/U.S. Army’s Autonomous Trucks Protect Soldiers from IEDs

U.S. Army’s Autonomous Trucks Protect Soldiers from IEDs

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Autonomous vehicles are the hottest trend in the automotive world right now. But this technology is most useful not in the civilian life, but the military. Driverless trucks and tanks can save lives in war zones, in the same way as UAVs in the skies.

That is why the U.S. Army’s Tank-Automotive Research center teamed up with Lockheed Martin to develop a new generation of autonomous trucks. These vehicles will allow the commanders to send convoys deep inside enemy territory and combat zones without the worry of loss of life.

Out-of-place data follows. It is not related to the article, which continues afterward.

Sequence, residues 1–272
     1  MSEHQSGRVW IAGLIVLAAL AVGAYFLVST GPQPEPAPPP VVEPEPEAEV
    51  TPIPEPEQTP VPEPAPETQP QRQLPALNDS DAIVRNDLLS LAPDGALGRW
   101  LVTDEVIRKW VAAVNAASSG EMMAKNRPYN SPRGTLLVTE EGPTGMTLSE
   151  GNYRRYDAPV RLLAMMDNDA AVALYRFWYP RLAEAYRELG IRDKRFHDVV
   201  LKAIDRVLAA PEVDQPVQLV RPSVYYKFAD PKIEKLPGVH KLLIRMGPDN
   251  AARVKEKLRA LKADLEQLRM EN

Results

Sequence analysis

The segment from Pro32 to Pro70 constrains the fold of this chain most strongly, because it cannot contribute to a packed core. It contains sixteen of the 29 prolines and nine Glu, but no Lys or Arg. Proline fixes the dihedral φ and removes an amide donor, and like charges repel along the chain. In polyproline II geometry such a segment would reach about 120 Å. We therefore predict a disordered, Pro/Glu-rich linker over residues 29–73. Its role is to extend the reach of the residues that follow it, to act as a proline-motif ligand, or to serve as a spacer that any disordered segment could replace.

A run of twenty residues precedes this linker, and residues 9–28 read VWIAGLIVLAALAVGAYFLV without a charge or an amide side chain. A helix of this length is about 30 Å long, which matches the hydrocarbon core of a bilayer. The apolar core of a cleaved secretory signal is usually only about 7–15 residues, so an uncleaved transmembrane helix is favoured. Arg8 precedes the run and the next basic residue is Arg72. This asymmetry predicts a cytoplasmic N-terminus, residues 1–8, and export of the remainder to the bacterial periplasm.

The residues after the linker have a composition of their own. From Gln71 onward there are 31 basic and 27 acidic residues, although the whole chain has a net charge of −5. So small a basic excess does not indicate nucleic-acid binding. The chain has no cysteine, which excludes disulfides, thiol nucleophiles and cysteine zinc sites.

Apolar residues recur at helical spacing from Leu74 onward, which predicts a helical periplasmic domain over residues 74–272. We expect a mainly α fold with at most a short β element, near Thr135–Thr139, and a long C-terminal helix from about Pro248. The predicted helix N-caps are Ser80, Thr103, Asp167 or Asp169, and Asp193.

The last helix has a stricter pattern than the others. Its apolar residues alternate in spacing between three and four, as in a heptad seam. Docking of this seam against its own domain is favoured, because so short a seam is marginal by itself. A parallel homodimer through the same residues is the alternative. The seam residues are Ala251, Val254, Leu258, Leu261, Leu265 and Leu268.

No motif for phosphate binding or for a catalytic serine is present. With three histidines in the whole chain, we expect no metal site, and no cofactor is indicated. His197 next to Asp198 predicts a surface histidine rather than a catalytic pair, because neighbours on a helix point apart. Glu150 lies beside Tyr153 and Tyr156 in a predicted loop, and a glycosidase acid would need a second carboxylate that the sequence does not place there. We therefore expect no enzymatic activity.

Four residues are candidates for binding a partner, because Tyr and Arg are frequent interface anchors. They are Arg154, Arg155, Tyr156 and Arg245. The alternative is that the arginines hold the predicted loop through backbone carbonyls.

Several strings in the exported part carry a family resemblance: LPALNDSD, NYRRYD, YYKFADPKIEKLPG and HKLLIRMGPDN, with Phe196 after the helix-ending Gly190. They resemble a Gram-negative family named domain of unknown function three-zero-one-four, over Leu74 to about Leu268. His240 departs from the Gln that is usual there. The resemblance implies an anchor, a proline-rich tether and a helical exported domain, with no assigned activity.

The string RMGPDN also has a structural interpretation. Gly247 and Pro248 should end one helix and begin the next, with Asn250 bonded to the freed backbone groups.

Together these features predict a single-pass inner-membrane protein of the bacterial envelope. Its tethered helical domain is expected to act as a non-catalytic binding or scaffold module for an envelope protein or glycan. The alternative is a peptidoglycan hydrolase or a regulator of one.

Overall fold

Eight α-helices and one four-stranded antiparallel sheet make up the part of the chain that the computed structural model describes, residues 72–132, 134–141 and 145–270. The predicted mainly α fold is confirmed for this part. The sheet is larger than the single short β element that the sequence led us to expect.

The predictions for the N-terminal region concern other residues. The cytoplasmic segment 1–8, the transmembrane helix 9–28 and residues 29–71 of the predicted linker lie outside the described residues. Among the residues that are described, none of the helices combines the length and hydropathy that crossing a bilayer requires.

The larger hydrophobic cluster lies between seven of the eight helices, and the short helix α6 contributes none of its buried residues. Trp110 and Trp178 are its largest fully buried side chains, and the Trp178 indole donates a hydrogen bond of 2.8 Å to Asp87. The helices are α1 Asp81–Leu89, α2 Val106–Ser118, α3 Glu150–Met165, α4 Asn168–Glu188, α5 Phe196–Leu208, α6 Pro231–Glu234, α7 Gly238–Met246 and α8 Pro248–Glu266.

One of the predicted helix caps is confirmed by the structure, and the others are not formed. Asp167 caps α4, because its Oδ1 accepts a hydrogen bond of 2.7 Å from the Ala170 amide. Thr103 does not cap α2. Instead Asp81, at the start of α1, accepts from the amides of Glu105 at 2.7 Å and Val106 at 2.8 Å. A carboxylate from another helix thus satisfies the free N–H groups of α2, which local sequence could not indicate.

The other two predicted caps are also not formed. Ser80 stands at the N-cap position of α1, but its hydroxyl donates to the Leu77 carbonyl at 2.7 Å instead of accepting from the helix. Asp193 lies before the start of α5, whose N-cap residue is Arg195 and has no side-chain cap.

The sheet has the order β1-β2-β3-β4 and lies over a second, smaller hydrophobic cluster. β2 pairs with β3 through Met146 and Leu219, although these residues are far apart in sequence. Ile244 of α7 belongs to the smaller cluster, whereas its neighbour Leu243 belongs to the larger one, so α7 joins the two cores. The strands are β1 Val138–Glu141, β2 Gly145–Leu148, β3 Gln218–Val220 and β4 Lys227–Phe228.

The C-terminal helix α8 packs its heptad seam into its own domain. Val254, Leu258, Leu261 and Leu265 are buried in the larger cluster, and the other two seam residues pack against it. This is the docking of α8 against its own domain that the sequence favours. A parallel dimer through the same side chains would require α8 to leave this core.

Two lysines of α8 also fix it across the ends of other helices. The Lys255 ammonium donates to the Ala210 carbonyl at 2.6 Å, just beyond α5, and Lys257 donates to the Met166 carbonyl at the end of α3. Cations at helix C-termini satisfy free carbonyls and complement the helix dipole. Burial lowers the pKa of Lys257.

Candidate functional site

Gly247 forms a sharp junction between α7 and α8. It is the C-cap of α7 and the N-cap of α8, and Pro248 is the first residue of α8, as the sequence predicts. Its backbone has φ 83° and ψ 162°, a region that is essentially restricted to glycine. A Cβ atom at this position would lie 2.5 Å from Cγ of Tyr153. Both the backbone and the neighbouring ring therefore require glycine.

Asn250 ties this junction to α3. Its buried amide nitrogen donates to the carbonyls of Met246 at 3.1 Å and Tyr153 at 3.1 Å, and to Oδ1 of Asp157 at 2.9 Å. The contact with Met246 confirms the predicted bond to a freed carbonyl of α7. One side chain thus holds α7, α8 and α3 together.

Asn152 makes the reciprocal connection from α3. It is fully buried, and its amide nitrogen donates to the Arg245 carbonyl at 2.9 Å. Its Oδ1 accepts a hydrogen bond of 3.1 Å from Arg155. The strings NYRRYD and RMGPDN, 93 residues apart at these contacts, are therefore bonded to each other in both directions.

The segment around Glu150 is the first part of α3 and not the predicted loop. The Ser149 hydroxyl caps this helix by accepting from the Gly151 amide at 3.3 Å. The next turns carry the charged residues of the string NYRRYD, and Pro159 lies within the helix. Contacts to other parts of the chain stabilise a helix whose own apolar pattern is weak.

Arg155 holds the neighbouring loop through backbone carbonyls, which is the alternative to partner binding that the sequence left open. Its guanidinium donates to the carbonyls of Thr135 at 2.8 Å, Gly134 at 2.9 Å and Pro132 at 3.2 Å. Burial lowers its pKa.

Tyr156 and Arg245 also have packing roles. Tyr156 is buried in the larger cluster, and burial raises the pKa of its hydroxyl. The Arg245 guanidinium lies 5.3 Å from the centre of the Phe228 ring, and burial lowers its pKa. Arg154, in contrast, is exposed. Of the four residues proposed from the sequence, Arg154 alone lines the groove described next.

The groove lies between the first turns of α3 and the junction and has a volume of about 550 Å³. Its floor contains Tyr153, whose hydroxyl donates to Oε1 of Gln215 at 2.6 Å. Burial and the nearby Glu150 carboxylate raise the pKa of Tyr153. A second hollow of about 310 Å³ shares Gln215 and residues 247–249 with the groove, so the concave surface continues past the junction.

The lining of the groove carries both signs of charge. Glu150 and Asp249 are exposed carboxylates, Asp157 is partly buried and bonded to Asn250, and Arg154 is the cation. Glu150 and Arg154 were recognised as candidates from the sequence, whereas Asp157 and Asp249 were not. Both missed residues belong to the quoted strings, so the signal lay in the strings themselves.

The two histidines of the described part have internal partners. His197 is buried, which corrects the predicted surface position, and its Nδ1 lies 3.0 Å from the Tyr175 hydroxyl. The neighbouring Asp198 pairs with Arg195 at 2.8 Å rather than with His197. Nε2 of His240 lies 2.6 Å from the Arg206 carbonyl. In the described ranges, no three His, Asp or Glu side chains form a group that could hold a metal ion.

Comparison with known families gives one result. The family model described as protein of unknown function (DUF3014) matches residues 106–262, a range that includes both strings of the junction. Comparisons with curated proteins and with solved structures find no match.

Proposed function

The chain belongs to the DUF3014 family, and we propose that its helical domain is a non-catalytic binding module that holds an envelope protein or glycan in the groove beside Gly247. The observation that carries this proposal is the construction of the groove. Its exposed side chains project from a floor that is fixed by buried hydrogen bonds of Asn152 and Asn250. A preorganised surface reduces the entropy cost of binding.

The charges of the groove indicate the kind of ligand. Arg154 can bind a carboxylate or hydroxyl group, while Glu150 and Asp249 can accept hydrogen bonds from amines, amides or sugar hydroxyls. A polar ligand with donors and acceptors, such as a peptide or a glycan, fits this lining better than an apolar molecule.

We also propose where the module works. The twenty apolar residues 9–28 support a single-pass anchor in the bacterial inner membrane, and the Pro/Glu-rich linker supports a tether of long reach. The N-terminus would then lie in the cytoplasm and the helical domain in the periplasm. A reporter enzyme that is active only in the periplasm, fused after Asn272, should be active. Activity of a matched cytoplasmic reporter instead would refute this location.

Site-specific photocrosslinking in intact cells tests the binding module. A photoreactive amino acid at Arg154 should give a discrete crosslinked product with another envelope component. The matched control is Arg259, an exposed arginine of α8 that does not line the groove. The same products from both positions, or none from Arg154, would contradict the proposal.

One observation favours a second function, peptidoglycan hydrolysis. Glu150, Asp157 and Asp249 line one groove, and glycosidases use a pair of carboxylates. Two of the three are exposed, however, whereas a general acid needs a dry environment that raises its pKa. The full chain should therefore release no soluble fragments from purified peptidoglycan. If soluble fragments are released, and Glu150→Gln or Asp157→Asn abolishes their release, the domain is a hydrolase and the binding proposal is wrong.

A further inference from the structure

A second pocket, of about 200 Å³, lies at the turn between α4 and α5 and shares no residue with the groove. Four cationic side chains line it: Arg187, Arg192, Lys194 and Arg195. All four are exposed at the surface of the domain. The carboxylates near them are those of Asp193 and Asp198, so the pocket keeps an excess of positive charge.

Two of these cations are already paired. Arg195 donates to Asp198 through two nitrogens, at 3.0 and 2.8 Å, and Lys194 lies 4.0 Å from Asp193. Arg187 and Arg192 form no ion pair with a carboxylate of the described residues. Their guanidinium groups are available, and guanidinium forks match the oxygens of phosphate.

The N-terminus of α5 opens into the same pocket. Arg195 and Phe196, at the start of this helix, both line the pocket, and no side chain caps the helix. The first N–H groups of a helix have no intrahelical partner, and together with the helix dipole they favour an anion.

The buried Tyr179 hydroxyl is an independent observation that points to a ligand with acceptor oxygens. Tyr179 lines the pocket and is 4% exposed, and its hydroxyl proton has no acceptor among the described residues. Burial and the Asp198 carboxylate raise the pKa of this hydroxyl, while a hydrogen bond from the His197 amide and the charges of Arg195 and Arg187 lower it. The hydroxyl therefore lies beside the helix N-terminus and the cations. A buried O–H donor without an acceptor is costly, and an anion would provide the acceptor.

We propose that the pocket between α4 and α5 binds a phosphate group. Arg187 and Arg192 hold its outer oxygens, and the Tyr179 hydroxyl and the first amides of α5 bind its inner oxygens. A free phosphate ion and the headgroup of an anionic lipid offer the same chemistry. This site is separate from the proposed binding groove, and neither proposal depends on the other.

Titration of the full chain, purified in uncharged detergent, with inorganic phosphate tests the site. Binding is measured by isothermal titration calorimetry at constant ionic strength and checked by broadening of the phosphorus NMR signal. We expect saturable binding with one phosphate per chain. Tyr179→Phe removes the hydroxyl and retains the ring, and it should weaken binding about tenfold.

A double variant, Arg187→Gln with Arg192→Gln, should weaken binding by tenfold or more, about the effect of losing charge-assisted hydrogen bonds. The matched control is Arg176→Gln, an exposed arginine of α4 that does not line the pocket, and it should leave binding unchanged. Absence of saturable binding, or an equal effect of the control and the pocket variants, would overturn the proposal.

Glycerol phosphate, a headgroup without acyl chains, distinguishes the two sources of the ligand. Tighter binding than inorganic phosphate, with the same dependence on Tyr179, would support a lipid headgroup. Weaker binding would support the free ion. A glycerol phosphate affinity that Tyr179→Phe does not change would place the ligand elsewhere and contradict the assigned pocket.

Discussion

U.S. Army vehicles are prime targets for terrorists’ Improvised Explosive Devices (IED) attacks. Roadside bombs have claimed the lives of many soldiers in Iraq and Afghanistan, and it’s high time somebody did something about it. The best way to protect the soldiers, they decided, is to eliminate the need for drivers and crew onboard the convoys.

Having secured an $11 million contract, Lockheed Martin started working on driverless trucks for the Army in 2012 and developed the multiplatform kit which integrates low-cost sensors and control systems with Army and Marine tactical vehicles to enable autonomous operation in convoys. These all-terrain vehicles can deal with all kind of obstacles including pedestrians, oncoming traffic, road intersections, traffic circles and navigate their way round stalled and passing vehicles.

Autonomous convoys will not only protect soldiers from attacks, they play a major role in Pentagon’s ambitious plan for total autonomous warfare.

Via Wired


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